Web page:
Fall on me
Mad Cow's latest shows a leap of faith is required to sustain love
Published: October 6, 2011
Through Oct. 16
Mad Cow Theatre
The perpetrators of reality TV spew out more and more shows filled with so-called “normal” people mired in the mediocrity of their intellectually impoverished lives. Movies continue to showcase the so-called “beautiful” people performing ever more violent and improbable stunts. In the face of this one remembers to be thankful for live theater, where, from time to time, one can actually witness recognizable, sympathetic and very human characters simply trying to navigate the intricacies of their daily lives, and perhaps asking some of the big and important questions of one another while doing so – questions about faith, love, politics, family or friendship, for example.
Next Fall, a play by Geoffrey Nauffts, now playing at the Mad Cow Theatre under the direction of Eric Zivot, offers the theatergoer just such an opportunity by presenting six well-defined and interesting people who must come to grips with many of those questions after one of them is hit by a passing automobile and subsequently faces death in a New York hospital. The well-constructed, witty and ultimately poignant play moves back and forth in time in the lives of this sextet, but focuses mainly on the relationship between a young gay man, Luke (Christopher McIntyre), who is a devout Christian, and his older significant other, Adam (Thomas Ouellette), a committed nonbeliever who can’t quite reconcile his lover’s deep religious feelings with the life they are trying to build together.
When all six characters gather at the hospital awaiting news of accident victim Luke’s condition, Adam must also contend with Brandon (Stephen Lima), Luke’s previous boyfriend; Luke’s mother, Arlene (Peg O’Keef), a former wild child of the ’60s; and Arlene’s ex-husband and Luke’s father, Butch (Stephan Jones), a born-again Christian and staunch homophobe. Helping to keep Adam grounded throughout is his friend Holly (Elizabeth Dean), a half-Jewish, half-Catholic new-ager, who also happens to be both Luke’s and Adam’s boss.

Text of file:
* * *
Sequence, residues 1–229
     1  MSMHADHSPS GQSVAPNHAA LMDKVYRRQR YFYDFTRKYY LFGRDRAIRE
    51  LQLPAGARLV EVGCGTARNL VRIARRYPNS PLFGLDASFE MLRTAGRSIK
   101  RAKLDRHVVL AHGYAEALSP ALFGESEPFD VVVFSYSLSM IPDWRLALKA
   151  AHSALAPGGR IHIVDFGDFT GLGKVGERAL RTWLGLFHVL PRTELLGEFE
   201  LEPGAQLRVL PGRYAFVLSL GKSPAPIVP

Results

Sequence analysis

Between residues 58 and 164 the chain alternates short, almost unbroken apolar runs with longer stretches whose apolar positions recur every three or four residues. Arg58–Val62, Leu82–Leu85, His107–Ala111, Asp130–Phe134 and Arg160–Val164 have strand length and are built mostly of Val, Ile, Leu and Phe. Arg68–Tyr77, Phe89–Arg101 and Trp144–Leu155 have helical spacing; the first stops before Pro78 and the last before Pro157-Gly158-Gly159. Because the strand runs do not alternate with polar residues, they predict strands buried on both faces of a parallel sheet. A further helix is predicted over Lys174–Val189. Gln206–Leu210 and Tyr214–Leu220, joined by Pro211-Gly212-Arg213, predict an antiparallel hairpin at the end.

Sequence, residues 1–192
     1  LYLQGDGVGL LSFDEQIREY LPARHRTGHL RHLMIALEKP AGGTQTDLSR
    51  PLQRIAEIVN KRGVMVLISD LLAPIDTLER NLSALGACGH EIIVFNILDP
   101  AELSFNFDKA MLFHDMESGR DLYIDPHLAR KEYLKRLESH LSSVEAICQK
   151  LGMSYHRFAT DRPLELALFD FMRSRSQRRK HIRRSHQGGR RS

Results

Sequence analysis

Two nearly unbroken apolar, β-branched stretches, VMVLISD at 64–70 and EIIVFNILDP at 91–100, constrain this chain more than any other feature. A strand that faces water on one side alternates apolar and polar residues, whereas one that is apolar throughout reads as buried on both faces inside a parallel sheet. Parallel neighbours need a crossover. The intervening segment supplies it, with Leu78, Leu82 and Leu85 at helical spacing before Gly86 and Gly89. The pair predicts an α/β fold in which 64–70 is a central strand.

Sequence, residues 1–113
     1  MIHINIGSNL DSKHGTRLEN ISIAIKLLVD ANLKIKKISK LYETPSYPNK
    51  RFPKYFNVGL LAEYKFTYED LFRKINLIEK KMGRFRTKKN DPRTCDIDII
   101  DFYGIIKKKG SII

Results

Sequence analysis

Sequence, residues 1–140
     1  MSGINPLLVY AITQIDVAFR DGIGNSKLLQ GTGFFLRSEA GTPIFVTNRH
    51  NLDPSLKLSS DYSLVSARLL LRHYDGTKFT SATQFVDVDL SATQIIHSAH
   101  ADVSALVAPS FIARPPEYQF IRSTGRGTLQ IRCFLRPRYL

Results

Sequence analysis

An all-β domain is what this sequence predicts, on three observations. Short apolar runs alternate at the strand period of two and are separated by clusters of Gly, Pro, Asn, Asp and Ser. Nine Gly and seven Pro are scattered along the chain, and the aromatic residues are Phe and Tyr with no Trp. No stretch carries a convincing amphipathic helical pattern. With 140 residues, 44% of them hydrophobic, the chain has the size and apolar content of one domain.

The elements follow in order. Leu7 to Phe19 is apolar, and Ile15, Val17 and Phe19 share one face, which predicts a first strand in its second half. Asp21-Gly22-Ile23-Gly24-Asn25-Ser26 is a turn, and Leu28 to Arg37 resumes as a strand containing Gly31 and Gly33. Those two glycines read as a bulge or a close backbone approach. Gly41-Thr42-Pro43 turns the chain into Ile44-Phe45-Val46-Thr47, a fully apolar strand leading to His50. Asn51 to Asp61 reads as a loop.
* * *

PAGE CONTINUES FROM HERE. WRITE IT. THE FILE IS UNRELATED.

What helps make Next Fall such an appealing work is the ease with which playwright Nauffts weaves his evocative and meaningful dialogue into the very ordinary and familiar occurrences of his characters’ lives – an after-work dinner party, moving into a new apartment, packing for a trip back home. When their situations become more extreme, as they do in the hospital scenes, Nauffts’ characters continue to act and respond with a logical consistency, albeit at a higher emotional level. Thus, one gets the sense that these fictitious beings are authentic, three-dimensional, knowable people.
While all six actors give strong, believable performances, Ouellette provides the show’s gravitational center. His Adam is a smart, funny and honest person who struggles not with the pointless ephemera of existence, like the reality-TV people, nor with the absurdities of superpowers or alien invasions, like the movie stars do, but rather with the important issues that the rest of us face all the time, the most important of which continues to be: What compromises must we make in order to truly love others without losing ourselves in the bargain?
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